I'm wanting to analogRead the value off a MQ-135 gas sensor. I have tired this with both an Arduino Uno and an TTGO ESP32 SX1276.

When reading the value of the sensor off the Uno, I get values approximately equal to 400 which is expected, as shown in this video. When doing the same on the TTGO, I get values close to 2000. For some reason, this person gets a similar value range as shown in this video.

What I don't understand is how these values are different when only the board is being changed. Do different boards analogRead differently?

More or less, how do I get the TTGO to read the same values as the Uno?

Below is my code for both boards. Nothing is changed between the boards:

#define sensor 2 //sensor pin

int gasLevel = 0; //int variable for gas level

void setup() {
  Serial.begin(9600); //start serial comms
  pinMode(sensor,INPUT); //set sensor for input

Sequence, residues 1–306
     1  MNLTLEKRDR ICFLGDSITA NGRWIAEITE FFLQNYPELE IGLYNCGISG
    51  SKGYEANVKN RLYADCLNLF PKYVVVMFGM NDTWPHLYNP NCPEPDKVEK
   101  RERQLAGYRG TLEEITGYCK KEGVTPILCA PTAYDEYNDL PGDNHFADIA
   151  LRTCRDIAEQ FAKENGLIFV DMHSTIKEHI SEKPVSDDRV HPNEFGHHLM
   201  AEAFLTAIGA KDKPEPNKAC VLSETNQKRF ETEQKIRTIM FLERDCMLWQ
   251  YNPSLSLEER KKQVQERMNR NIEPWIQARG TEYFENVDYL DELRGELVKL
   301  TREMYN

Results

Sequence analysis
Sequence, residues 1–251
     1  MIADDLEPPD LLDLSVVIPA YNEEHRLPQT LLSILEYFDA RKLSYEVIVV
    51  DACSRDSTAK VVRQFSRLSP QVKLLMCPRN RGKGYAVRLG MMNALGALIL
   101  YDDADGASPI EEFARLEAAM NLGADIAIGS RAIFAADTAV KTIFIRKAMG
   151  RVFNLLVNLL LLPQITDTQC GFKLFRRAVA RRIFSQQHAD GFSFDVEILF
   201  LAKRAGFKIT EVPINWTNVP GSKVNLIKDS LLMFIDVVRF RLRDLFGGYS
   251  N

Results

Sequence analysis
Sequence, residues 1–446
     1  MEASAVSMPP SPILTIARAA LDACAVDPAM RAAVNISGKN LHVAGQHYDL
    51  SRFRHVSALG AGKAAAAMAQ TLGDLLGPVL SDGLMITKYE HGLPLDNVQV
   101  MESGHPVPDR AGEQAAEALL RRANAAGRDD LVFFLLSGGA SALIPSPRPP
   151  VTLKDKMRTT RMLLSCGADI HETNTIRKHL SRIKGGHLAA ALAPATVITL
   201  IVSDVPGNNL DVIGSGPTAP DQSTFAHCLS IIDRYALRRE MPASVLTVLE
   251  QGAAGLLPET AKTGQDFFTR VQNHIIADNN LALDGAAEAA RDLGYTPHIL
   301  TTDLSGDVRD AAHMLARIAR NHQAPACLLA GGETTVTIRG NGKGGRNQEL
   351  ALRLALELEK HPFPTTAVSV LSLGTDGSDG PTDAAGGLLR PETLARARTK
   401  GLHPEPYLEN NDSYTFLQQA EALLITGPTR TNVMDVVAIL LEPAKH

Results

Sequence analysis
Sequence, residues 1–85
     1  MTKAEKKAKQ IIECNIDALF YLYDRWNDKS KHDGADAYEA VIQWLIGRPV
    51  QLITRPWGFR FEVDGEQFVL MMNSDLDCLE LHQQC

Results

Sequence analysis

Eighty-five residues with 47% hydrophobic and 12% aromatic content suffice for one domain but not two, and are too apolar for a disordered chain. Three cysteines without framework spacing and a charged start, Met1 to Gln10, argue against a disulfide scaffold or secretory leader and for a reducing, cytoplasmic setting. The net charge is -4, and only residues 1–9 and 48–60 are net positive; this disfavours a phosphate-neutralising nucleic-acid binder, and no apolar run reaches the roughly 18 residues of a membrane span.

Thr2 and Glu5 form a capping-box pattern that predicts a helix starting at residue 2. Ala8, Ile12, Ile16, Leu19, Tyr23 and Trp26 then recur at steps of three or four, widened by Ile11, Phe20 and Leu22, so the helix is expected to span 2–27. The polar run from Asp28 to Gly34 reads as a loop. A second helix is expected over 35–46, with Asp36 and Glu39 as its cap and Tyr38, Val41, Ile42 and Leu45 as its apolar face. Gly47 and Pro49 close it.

void loop() {
  gasLevel = analogRead(sensor);

The following things I have tested:

  • Multiple boards of both the Arduino Uno and TTGO
  • Different pins, both analog and digital

I also am powering the sensor using 3.3V pin, so there is no variation in the voltage the sensor is receiving.

1 Answer 1


Do different boards analogRead differently?


Your typical Arduino has a 10-bit ADC. That can give values between 0 and 1023 (210-1), with 400 falling just short of half way.

The ESP32 has a 12-bit ADC. That gives values between 0 and 4095 (212-1), which means that your 2000 falls, yes, just short of half way.

It is not the value from the ADC that is important - it is what the value represents. It is meaningless until you convert it into something meaningful, like a voltage.

Like asking "How heavy is it?" -- "It's 23." Completely meaningless, until you qualify it with units, and the units are different because of the different resolutions, so you need to "convert" it into units that have a meaning.

Typically the value represents a proportion of the supply voltage (but not necessarily: it's actually a proportion of the ADC reference voltage, which is often the same thing as the supply voltage). On the Arduino the value is 1/1024th of the supply voltage. On the ESP32 it's 1/4096th.

  • That makes complete sense. Thanks for the clarification. Sep 28, 2018 at 9:30

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